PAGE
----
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 Bulimia Resource Guide Summary
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External Advisory Committee and Reviewers
Behavior therapy can help alter behaviors, but I needed help with my underlying depression or I'd go back to the eating disorder behavior," explained a woman in her 30s who was bulimic sometimes and anorexic at other times.

Anne Becker, M.D., Ph.D.
Massachusetts General Hospital Harvard Medical School Dept. of Social Medicine
Boston, MA

Kathy and Allan Benn
Parent perspectives

Ovidio Bermudez, M.D.
Medical Director
Laureate Psychiatric Hospital
Tulsa, OK

Eileen Binckley
Patient perspective

William N. Davis, Ph.D.,FAED
The Renfrew Centers
Pennsylvania and New York

Steven Eisenberg, M.D.
Chief Science Officer
United Healthcare
Edina, MN

Diane Fowler
Parent perspective

Craig Johnson, Ph.D.
Director of Eating Disorders Program
Laureate Psychiatric Hospital
Tulsa, OK

Walter H. Kaye, M.D.
University of Pittsburgh Medical Center
Western Psychiatric Institute & Clinic
Pittsburgh, PA

Pamela K. Keel, Ph.D.
University of Iowa
Department of Psychology
Iowa city, IA

Denise Lensky, Ph.D.
Program Director
Belmont Center for Comprehensive Treatment
Philadelphia, PA

Philip S. Mehler, M.D.
Associate Medical Director
Department of Internal Medicine
Denver Health and the University of Colorado Health Sciences Center
Denver, CO
Paul Metler, Psy.D.
Clinical Director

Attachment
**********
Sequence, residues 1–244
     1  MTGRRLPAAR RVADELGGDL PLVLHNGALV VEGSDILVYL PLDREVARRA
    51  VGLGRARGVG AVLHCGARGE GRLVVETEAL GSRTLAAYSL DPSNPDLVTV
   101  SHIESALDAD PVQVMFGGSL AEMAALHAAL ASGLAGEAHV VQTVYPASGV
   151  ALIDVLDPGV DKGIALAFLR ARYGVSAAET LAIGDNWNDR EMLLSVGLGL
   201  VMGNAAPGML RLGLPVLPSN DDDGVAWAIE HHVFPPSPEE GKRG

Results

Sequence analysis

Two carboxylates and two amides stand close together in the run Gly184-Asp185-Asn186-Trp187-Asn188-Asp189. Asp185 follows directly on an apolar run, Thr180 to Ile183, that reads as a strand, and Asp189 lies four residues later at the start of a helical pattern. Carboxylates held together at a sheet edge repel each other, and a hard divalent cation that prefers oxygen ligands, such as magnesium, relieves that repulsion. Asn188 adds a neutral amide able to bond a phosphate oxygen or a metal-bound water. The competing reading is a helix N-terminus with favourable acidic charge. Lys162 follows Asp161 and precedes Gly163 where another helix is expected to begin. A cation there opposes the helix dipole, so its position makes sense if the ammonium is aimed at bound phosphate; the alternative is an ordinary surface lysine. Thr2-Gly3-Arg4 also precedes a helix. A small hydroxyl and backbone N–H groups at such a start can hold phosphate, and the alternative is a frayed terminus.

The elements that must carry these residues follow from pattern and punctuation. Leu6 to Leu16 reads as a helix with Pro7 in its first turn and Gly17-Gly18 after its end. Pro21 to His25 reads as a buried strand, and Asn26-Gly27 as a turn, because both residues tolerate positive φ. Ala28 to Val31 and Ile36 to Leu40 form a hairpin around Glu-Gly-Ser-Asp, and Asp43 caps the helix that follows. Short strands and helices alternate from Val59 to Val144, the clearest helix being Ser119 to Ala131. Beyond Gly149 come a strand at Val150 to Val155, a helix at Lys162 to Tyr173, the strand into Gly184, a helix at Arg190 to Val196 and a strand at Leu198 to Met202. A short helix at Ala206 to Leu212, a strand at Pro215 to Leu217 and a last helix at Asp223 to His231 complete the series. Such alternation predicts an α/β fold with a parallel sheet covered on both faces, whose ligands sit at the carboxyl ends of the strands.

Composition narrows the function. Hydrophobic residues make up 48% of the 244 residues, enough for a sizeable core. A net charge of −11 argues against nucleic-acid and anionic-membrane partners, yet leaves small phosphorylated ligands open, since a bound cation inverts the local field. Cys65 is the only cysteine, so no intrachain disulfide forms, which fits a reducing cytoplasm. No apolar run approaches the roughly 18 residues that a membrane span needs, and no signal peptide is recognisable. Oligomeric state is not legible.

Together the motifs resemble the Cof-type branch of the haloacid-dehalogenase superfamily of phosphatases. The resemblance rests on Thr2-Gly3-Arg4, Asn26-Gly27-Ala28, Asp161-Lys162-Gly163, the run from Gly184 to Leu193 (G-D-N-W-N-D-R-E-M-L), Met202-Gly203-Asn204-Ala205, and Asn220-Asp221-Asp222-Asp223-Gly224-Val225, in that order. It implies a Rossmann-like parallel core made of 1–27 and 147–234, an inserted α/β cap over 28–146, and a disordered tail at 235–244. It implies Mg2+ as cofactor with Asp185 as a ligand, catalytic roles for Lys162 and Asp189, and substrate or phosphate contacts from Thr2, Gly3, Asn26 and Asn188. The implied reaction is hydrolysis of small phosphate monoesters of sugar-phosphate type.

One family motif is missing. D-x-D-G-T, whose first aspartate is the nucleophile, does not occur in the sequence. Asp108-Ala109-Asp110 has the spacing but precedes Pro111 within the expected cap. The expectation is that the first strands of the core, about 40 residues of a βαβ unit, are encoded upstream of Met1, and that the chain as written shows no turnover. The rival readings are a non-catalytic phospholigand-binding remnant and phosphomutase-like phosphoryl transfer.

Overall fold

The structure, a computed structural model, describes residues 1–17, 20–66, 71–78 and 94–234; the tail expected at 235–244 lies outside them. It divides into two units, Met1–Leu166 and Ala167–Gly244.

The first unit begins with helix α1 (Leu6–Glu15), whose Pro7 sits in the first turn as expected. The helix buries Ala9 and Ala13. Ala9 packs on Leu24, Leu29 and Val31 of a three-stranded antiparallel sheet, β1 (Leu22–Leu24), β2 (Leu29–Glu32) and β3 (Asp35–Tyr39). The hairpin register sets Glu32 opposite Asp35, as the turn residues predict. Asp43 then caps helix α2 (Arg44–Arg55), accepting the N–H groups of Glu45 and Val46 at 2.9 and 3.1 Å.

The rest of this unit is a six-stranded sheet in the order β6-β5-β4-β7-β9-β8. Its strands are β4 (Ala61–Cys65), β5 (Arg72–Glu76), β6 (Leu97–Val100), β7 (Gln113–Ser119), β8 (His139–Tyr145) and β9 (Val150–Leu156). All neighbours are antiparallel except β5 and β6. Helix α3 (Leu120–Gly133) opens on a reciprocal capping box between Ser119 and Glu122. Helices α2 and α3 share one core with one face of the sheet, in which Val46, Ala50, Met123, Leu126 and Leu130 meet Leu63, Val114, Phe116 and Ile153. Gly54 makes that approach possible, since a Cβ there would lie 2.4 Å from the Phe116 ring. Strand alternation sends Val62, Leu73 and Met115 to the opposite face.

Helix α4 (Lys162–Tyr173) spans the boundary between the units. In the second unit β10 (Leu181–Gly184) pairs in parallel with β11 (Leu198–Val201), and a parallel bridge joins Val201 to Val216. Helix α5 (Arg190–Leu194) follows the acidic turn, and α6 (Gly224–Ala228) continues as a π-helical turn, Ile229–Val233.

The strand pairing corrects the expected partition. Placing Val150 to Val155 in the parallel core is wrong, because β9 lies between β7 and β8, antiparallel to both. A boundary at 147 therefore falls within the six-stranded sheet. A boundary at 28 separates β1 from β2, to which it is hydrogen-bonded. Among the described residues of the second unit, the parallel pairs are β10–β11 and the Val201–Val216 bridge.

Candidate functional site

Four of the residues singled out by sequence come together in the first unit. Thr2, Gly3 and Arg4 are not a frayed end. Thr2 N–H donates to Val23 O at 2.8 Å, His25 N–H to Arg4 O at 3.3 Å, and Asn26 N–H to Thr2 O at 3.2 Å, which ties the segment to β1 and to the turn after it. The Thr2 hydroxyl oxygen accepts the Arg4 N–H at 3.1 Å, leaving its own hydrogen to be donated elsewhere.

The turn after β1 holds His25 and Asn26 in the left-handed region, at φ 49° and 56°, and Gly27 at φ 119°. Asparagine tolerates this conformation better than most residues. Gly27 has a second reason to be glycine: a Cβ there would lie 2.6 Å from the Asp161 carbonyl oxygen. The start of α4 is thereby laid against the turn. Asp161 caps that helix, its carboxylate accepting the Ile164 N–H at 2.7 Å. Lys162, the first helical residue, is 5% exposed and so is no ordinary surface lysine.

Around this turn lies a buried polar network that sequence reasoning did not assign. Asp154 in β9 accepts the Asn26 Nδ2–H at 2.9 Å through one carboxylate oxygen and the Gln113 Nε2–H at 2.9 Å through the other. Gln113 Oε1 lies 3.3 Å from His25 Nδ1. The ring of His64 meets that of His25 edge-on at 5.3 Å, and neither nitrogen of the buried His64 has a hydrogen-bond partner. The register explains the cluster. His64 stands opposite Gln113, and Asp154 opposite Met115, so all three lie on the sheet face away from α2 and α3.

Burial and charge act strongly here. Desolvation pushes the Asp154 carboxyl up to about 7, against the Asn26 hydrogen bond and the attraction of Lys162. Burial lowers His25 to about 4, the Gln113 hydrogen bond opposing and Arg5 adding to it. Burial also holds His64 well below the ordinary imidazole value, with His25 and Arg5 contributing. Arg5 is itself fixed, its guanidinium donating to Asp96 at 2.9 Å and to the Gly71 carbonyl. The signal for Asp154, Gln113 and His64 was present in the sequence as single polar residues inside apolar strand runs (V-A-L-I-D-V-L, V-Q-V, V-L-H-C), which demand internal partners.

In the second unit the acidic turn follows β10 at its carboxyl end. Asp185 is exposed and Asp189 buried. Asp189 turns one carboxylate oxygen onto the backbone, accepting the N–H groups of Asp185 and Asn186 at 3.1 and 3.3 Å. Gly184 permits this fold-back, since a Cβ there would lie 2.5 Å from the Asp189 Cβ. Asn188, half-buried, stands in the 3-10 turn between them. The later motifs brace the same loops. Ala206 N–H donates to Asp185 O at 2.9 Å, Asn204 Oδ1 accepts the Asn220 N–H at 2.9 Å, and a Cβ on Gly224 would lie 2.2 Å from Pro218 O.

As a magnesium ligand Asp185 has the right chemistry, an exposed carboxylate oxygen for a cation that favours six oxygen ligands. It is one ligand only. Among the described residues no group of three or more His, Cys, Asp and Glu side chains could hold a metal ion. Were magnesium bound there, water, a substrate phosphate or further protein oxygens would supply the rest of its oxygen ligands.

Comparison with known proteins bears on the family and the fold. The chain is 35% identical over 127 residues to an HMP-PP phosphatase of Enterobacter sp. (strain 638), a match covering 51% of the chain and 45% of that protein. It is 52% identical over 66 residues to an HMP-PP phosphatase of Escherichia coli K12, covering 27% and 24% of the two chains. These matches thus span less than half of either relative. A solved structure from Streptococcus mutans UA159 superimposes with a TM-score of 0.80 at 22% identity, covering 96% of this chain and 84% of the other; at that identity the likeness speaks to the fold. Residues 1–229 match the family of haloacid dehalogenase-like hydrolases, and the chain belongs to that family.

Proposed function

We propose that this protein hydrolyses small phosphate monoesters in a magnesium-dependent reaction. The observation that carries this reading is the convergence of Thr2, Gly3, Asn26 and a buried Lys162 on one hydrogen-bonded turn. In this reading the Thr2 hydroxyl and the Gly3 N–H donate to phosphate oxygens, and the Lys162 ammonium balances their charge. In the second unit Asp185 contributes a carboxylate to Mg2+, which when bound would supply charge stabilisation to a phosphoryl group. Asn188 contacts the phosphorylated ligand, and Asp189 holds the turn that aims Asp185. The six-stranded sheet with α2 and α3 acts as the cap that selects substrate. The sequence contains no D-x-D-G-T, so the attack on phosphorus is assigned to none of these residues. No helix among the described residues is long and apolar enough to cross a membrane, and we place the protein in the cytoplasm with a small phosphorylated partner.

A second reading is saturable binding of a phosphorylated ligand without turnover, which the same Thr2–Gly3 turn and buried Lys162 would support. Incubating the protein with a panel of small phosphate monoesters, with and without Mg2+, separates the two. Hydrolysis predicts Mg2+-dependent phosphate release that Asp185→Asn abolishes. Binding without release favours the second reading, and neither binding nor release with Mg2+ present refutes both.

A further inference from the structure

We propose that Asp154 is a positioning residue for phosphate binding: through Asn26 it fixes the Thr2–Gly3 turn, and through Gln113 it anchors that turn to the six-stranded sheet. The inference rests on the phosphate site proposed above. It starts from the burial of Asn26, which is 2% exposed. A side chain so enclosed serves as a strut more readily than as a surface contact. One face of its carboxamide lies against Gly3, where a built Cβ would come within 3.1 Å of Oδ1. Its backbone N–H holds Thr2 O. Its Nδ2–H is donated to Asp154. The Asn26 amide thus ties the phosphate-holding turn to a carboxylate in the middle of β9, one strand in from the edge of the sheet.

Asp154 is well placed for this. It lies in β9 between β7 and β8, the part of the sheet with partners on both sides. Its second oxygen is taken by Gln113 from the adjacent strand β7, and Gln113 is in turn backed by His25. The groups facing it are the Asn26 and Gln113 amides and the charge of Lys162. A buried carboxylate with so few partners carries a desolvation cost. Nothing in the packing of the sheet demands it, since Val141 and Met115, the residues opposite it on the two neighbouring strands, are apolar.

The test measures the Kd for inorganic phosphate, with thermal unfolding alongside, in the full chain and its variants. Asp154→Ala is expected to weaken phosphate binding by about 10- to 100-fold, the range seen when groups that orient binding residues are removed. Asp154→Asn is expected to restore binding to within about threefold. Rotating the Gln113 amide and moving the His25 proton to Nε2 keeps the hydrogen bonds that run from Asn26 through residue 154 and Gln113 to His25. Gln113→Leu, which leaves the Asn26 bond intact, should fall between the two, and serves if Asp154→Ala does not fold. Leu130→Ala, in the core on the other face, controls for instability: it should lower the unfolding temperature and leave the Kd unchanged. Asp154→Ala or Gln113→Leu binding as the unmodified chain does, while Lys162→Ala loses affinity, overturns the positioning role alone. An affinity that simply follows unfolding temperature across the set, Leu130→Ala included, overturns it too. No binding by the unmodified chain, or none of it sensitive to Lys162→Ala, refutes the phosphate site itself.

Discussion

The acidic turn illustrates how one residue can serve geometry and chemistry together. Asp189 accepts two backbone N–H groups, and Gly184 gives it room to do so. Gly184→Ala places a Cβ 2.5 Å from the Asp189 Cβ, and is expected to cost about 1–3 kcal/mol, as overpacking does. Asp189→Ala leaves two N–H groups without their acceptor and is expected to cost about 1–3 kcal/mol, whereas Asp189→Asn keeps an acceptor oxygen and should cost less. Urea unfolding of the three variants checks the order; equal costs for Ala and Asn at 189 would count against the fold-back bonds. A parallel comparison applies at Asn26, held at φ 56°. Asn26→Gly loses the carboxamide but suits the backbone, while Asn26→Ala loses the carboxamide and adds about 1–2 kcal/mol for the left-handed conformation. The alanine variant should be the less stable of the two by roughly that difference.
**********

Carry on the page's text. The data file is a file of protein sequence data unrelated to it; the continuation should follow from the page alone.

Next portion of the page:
Venture Behavioral Health (Summit Pointe)
Battle Creek, MI 49015

Diane Mickley, M.D.
Past Co-President, National Eating Disorders Association
Founder and Director
Wilkins Center for Eating Disorders
Greenwich, CT 06831

Judy Norsigian
Executive Director
Boston Women's Health Book Collective
Our Bodies, Ourselves
Boston, MA

Pauline Powers, M.D.
President, National Eating Disorders Association
www.nationaleatingdisorders.org
Director, Psychosomatic Medicine Division
Professor
University of South Florida Dept. of Psychiatry
Tampa, FL

Ivy Silver
Parent and patient perspectives
Founder, A Chance to Heal Foundation
www.achancetoheal.org

John Whyte, M.D.
Vice President, Continuing Medical Education
Discovery Health Channel
Silver Spring, MD

The resource guide was also reviewed by three additional patients who wish to remain anonymous. The 650-page evidence report was also reviewed by five additional clinical experts on bulimia nervosa.


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Bulimia nervosa is an eating disorder in which a person engages in binge eating (eating a lot of food in a short time) followed by some type of behavior to prevent weight gain from the food that was eaten. This behavior can take two forms: self-induced vomiting, misuse of enemas, laxatives, diet pills (called purging) and excessive exercise, fasting, or diabetic omission of insulin (called non-purging). Some people with bulimia nervosa may also starve themselves for periods of time before binge eating again. Bulimia nervosa has important mental, emotional, and physical aspects that require consideration during treatment.

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